What Threat Intelligence Data Can Tell Us: The Sad Story of WF

Wednesday, April 15, 2015

Mary Landesman

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People differ in how they approach data analytics. One camp prefers to postulate a theory and find data that supports or negates that theory. Another camp prefers to let the data tell the story.

I’m in the latter camp – not simply because I like to avoid being biased by pre-formed opinion, but also largely because I like surprises and data is always full of those.

One of those surprises has come in the form of which countries had the highest saturation rates of malicious IP addresses. The Norse threat intelligence platform is extremely dynamic.

To gauge saturation, I took snapshots of Darklist data at regular intervals throughout December 2014.

The ppm (parts per million) and prevalence rate were calculated for each country for each interval, with the final results being the median ppm and median rate for each country overall.

(Big shout out to Kurt Stammberger who suggested ppm as a unit of measure – it turned out to be an excellent comparison methodology.)

Wallis and Futuna (WF), a small island collective located in the South Pacific Ocean, has a GDP ranking of 223/229 in the world. According to the CIA World Factbook, total population in 2014 was 15,561.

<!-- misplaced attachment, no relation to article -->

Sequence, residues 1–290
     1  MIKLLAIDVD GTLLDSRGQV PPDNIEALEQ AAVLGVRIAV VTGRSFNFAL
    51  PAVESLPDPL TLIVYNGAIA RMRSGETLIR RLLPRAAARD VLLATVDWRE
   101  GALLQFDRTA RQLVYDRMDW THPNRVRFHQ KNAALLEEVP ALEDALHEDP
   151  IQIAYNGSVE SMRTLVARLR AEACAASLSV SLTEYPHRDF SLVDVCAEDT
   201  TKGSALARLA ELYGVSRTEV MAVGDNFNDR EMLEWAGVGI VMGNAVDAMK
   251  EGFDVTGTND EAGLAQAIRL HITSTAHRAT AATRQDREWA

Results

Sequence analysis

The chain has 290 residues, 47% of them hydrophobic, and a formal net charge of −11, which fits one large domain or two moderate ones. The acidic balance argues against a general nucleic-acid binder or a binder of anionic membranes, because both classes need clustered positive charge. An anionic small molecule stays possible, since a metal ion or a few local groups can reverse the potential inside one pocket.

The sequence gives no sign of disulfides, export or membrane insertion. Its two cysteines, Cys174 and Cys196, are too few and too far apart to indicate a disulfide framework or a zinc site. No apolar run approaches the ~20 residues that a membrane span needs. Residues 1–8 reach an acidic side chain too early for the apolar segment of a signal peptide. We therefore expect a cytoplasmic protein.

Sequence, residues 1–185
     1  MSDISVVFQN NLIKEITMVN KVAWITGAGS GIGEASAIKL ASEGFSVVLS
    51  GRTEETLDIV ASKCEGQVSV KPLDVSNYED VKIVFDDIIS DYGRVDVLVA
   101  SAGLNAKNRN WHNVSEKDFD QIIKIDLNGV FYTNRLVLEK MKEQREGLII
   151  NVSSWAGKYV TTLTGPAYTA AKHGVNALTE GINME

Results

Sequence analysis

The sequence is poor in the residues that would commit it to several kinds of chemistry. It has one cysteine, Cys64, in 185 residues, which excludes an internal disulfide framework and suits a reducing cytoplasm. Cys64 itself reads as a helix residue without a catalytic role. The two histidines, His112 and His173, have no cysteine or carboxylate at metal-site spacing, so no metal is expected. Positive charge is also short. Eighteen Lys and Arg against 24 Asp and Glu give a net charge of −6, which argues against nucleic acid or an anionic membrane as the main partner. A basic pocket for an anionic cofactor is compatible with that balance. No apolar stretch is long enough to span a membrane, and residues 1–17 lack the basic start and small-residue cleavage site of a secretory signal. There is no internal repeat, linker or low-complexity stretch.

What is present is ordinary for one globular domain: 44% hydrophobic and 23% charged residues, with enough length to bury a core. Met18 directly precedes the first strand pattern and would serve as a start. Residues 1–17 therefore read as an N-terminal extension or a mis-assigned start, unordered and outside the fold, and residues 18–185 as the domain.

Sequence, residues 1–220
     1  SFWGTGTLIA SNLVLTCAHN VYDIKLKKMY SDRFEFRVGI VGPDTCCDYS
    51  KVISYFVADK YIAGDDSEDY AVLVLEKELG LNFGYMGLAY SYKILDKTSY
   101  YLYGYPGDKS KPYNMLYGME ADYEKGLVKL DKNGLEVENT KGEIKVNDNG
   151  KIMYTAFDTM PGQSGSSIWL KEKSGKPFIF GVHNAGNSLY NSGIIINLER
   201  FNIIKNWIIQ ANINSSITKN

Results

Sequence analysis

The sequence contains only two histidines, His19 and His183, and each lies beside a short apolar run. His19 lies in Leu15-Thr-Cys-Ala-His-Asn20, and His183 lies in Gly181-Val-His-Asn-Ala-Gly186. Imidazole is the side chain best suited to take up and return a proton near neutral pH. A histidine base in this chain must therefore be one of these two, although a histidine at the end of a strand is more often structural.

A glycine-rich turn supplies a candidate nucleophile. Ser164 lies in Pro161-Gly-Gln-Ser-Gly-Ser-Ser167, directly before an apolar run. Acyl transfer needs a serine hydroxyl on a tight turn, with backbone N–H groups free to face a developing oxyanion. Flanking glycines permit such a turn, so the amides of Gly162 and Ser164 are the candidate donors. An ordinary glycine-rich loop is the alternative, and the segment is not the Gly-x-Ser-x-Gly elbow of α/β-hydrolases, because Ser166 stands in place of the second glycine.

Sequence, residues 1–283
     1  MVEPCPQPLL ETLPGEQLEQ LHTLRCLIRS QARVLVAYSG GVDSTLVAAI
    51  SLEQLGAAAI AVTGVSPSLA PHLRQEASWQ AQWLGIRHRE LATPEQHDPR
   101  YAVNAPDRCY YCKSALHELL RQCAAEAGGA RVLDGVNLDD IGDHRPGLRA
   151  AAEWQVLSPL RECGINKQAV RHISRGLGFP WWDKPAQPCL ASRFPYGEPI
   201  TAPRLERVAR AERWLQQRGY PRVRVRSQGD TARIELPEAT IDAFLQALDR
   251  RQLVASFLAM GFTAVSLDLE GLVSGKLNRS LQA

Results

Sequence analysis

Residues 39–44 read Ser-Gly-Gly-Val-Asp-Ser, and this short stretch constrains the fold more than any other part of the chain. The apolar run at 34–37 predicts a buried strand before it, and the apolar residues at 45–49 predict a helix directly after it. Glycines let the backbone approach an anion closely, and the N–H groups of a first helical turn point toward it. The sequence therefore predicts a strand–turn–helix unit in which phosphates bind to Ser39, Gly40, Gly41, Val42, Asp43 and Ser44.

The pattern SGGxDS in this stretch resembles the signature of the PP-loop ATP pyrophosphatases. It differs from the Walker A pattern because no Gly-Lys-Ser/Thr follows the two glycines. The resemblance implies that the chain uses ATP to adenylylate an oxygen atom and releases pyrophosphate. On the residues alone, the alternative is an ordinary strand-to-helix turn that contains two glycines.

Total Internet population as of December 2013 was 1337 – an ironic match for leetspeak, the alternative English alphabet used on the Internet.

Ironic because – despite its tiny comparative size – Wallis and Futuna had the second highest global rate of malicious IP addresses in December 2014:

Globally, the median prevalence rate was 1:521 or 1921 ppm. The United States had a prevalence rate of 1:2864 or 349 ppm. The United Kingdom was 1:2293 or 436 ppm.  France (of which Wallis and Futuna is a collectivity) was 1:1377 or 726 ppm.

The following are the top ten lowest saturations in December 2014:

Of course, whether ranking higher or lower, the rates don’t imply these are deliberately malicious actors.

To illustrate this, we can look again at the island chain of Wallis and Futuna – all of the malicious traffic from that country resulted from bot-infected computers.

Of the entire top ten most saturated, only Wallis and Futuna and the island of Guam were the result of bot-infected computers and nothing else.

The intersection of Internet-emerging countries and Internet risks can present unique challenges. In the case of Wallis and Futuna, the CIA World Factbook reports the literacy rate of Wallis and Futuna is only 50% and 89% of the population speak only localized dialects.

Obviously, Wallis and Futuna’s high saturation rate has negligible impact on the rest of the world due to its tiny size, but the 1337 Internet-enabled residents there have already overcome significant adverse odds just to get online.

Having those herculean efforts rewarded by an epidemic bot infection is the sad story uncovered in our data.

This was cross-posted from the Dark Matters blog. 

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